Grow for it... and make more use of your gar­den

Get your head around the basics and watch your plant knowl­edge grow to new heights while get­ting more from your gar­den

Rutherglen Reformer - - House & Home - David Domoney

So MANY gar­dens are not be­ing en­joyed to the full – and it’s a sad old sight. You only have to take a train jour­ney to spot umpteen gar­dens back­ing on to the line that are used as dump­ing grounds.

Or you can look out and see where na­ture has been al­lowed to take over and run riot, leav­ing a space over­grown and use­less.

It’s such a waste when gar­den­ing en­hances us phys­i­cally and men­tally. Plus work­ing out­doors can give us a great sense of self-achieve­ment and well-be­ing.

Cre­at­ing a green space where we can sit and re­lax can make a mas­sive dif­fer­ence to our lives.

Gar­den­ing is not just about cut­ting the lawn, weed­ing and wa­ter­ing – it’s about wa­ter pis­tols with the kids, bar­be­cu­ing on a sum­mer’s evening or sit­ting out­side on a Sun­day morn­ing with the pa­pers while en­joy­ing a glass of or­ange juice and ba­con butty.

For non- gar­den­ers, get­ting started can seem a lit­tle daunt­ing. You might even find walk­ing into a gar­den cen­tre a lit­tle bit in­tim­i­dat­ing.

So here are some point­ers to help you get into gar­den­ing if you have never done it.

Clear­ing your space is a good way of kick­ing things off if your patch has grown wild. It will help you see what you are deal­ing with.

There’s no need to splash tons of cash, ei­ther. Just bor­row or hire a strim­mer, maybe an elec­tric hedge trim­mer and buy some se­ca­teurs. Make sure you are wear­ing gloves and eye pro­tec­tion as strim­mers can chuck up stones and sticks. Then get stuck in.

Once the lawn has been cleared, you can cut back hedges, shrubs and trees.

Clear space for grow­ing, tidy things up and let the light in.

Then get to work on the borders. A de­cent spade or fork and a hoe will get you go­ing. Clear weeds – get them out by y the roots wher­ever pos­si­ble – and make space for plants.

Once you have got na­ture back un­der con­trol you can start some plant­ing. And the best thing to get you started grow­ing is a pot.

Just buy a pot and then a bag of mul­tipur­pose com­post to go with it. Choose a couple of plants you like the look of, plant them up and stick them out­side the back door.

Be­fore you know it, you’ll be fly­ing. Soon you will find it all to­tally ad­dic­tive and you can bring your per­son­al­ity to your gar­den.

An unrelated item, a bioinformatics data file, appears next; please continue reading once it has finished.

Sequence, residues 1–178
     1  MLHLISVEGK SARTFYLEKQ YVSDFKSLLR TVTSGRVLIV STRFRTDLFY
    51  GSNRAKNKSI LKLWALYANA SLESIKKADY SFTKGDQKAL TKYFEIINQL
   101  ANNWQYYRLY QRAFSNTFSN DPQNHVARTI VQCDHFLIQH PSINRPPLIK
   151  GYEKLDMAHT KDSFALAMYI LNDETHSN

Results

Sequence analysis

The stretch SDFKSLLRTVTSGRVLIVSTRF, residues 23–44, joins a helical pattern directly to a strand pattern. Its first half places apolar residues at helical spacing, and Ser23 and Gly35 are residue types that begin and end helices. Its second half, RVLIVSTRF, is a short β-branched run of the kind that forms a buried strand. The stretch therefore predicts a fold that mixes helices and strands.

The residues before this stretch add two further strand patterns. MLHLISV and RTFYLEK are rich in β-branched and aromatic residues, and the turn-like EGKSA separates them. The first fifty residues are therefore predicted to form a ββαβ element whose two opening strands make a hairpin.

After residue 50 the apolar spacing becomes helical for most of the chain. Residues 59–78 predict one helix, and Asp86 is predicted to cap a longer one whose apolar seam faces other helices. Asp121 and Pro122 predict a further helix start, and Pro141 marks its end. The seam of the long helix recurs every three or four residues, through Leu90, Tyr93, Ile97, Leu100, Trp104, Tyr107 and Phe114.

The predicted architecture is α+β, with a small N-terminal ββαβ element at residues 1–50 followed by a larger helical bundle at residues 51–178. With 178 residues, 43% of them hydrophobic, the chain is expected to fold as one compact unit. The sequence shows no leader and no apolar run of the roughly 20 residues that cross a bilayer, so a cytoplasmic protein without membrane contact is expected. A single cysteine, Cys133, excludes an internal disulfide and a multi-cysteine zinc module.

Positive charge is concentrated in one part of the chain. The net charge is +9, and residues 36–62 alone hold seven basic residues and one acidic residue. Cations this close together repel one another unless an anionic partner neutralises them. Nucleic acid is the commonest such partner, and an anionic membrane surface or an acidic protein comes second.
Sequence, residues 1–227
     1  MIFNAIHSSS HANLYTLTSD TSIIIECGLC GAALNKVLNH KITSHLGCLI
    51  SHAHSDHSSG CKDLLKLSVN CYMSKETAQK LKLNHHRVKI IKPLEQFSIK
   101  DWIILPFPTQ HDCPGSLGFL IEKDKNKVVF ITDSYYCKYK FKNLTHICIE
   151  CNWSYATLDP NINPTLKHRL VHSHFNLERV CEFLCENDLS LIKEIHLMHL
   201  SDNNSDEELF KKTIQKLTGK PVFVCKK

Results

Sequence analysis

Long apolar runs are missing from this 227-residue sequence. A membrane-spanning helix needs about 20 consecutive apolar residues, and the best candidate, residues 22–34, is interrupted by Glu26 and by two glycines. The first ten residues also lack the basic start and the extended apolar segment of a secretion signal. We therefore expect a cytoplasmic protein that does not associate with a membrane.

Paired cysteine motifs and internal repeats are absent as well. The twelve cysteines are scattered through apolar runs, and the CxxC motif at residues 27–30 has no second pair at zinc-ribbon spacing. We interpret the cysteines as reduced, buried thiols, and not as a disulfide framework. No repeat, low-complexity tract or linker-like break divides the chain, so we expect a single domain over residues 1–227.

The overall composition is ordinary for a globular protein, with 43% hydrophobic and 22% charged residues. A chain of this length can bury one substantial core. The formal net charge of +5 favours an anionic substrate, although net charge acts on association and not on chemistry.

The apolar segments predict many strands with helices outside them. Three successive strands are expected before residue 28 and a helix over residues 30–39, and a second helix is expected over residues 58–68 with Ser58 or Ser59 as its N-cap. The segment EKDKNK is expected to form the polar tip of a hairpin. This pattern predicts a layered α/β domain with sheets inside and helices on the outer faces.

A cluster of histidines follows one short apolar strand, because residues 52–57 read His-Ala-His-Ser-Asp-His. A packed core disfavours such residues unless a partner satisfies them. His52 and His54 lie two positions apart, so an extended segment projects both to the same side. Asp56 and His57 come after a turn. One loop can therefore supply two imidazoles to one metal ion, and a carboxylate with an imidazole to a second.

Once you have got one pot go­ing, you will want an­other, then a trough, and maybe a hang­ing bas­ket or two, then a few herbs.

Pretty soon, you will have pots of toma­toes, pota­toes, onions and beds of straw­ber­ries and will be giv­ing away your pro­duce to friends and neigh­bours.

Bulbs are an­other great starter project. At the end of this month, gar­den cen­tres start get­ting them in – and you re­ally can­not go wrong with bulbs. They are lit­tle bat­ter­ies with a flower al­ready in­side.

Plant them in the ground – to a depth of about two-and-a-half­times the height of the bulb – as if you are twist­ing in an or­di­nary light bulb. Then na­ture will do the rest.

The bulbs will start sprout­ing next spring – daf­fodils, hy­acinths, cro­cuses, tulips and snow­drops – they are so easy.

They only cost a couple of quid and you can get them ev­ery­where – so splash out on 20 or 30.

They will come up every year with­out fail and trans­form your gar­den with an ex­plo­sion of colour.

Sud­denly, it be­comes an im­mensely re­ward­ing hobby as your con­fi­dence grows, along with your plants.

And don’t worry too much about soil type or which way your gar­den faces.

The more you learn, the more pro­fi­cient, am­bi­tious and con­fi­dent you will be­come.

Re­mem­ber, all it takes to get started is just a sin­gle pot, a bag of com­post and a plant.

So get grow­ing!

Get­ting into gar­den­ing might seem a bit daunt­ing at first, but start small (just one pot will do) and who knows what you could achieve

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